Two years ago, Christmas time marked the beginning of a busy rehearsal schedule for the Easter Passion play that I was involved in at my church. It was a big deal – huge set pieces, lots of lights, orchestra, cast of 100, thousands of audience members… I loved it!
We’re doing it again this year. And by “we”, I mean our church – not me personally this time. (I have enough drama going on in my family right now; it’s just not choreographed as well.) But I did dig up the rough DVD that was made of our performances in order to lend it to a friend who wanted to know what she was getting herself into when she auditioned. Before I gave it to her, I watched it again myself.
Two years have provided enough “distance” that I was able to watch it more as a spectator than I could before. It was deeply emotional to see it without having to concentrate on blocking and song cues and all those memorized lines. I was freshly overwhelmed by the story – that God gave up His rightful place on the throne of Heaven and stepped down into the mess of humanity, knowing full well that it would cost Him His life.
It was also great to get caught up in the nostalgia of it as I watched. All those hours of rehearsal, the late nights, the endless repetition of scenes and songs, the bonds that were formed amongst the cast… such great memories. Faces came and went on the screen – some people that I’ve maintained close friendships with since then, and some that I haven’t really seen since the final show – but every single one of them, so precious. So committed to telling the story of Jesus. Contributing their own stories into the larger picture, weaving their own hurts and hang-ups, faults and failures, triumphs and treasures into the grand plot of God’s redemptive plan.
Towards the end of the show (spoiler alert), Jesus is crucified. I bawled watching it. How could it affect me so deeply after hearing that story so many times and for so many years already? I’ve seen passion plays before. I’ve seen Mel Gibson’s movie of it. And I saw it dozens of times as we rehearsed. It was the same story. Why was it suddenly piercing me in a new way?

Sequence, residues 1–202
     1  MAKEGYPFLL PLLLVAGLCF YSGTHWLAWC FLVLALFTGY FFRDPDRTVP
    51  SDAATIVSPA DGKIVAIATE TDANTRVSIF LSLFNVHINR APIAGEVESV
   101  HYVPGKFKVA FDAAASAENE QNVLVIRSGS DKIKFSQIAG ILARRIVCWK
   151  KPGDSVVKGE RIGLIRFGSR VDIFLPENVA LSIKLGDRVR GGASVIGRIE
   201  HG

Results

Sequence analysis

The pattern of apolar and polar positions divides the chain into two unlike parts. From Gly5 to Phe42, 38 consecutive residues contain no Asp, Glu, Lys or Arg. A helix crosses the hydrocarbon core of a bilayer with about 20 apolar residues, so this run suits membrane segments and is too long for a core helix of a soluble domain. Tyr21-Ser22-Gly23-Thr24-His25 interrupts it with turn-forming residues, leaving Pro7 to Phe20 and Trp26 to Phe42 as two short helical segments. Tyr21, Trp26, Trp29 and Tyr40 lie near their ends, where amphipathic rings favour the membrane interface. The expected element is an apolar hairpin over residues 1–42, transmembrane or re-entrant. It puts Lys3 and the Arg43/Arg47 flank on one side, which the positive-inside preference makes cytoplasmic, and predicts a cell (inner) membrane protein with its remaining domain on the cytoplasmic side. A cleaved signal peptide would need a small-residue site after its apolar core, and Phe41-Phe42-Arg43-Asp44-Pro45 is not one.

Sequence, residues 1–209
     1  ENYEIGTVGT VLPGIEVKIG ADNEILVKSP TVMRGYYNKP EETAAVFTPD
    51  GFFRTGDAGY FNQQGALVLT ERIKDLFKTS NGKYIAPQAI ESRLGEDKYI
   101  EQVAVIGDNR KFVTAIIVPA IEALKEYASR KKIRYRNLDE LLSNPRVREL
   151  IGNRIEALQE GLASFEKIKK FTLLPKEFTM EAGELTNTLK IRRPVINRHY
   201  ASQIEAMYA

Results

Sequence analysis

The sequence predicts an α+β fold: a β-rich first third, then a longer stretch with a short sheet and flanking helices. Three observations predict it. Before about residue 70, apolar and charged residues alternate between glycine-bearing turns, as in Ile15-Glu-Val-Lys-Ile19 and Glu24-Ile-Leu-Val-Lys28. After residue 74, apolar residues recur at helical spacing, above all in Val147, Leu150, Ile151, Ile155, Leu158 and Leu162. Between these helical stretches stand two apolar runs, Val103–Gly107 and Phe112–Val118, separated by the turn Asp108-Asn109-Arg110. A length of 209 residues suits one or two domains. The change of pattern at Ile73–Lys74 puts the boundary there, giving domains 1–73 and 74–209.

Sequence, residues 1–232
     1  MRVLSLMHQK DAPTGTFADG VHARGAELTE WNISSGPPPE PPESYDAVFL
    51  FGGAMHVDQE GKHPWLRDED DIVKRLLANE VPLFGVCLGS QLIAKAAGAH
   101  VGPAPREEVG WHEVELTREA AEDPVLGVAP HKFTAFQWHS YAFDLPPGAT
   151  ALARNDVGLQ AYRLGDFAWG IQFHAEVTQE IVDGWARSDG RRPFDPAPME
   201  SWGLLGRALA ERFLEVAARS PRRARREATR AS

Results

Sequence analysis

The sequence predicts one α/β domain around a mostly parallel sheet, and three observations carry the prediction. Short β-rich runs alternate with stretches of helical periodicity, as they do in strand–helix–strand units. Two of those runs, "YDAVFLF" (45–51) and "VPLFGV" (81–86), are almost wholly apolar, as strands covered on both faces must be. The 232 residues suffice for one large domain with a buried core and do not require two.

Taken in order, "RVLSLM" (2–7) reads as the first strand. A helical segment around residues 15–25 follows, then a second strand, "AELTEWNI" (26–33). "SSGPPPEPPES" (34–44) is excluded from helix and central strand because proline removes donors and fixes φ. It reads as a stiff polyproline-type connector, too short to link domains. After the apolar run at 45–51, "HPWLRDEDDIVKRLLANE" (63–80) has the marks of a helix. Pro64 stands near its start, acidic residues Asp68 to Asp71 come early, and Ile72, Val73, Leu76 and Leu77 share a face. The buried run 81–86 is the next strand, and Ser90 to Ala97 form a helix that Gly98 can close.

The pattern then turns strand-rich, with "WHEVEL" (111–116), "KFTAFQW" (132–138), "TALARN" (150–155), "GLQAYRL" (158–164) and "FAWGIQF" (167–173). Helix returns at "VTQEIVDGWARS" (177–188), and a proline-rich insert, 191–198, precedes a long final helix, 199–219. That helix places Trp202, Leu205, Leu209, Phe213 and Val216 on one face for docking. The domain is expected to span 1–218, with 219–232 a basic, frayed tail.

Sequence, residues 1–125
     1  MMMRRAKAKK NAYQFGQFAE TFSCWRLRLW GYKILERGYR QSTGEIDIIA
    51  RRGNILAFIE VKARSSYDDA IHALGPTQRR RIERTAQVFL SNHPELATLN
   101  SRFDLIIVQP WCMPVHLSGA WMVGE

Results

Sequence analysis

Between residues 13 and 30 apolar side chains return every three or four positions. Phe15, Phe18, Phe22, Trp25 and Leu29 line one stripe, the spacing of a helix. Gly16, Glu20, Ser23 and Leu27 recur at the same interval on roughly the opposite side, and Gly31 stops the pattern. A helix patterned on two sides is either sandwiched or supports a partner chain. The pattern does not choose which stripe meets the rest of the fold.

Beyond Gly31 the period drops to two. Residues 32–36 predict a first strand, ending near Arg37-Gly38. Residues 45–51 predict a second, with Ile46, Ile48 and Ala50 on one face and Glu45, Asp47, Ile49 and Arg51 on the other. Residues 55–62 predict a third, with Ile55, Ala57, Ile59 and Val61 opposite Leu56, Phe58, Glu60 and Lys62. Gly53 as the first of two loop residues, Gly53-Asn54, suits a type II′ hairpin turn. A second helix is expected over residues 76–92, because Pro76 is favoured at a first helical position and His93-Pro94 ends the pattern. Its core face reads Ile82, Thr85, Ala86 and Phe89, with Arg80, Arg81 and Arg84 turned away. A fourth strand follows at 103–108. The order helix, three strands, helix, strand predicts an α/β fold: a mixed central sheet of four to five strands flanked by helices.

Because it was the same story.
Two years have changed the stories of all those cast members. Collectively, these two years have brought engagements, weddings, college graduations, newborn babies, new jobs…but also a miscarriage, a death, a cancer diagnosis… Our stories have changed significantly.
But God’s story has stayed the same. Two thousand years haven’t changed His story. A story that started amidst political upheaval and speculations of a scandalous affair. A story that pitched two seemingly random, ordinary people onto an unexpected life trajectory. A story that had been in the works since the beginning of time, but came into being in a crude, little animal shelter. A story that built from humble beginnings to an unfathomable climax: the violent death of God’s own Son. And then – surprise! The story wasn’t over yet. That Son reclaimed His life out of Satan’s hands and spent a few more days with His friends and followers before returning to His Father’s side.
He came. He lived. He died. He lived again. And soon He’ll come again.
The story of Jesus has not changed. But it can change us, if we let it. It’s the only way for our stories to make sense.
This Christmas, whether you are enjoying days of celebration with family and friends, or struggling to keep your head above water in tumultuous seas, may you be touched and blessed by the story of Jesus. May the reality of His life supersede the reality of yours. And may you truly experience peace, joy, and love in the year ahead!
Merry Christmas, dear ones!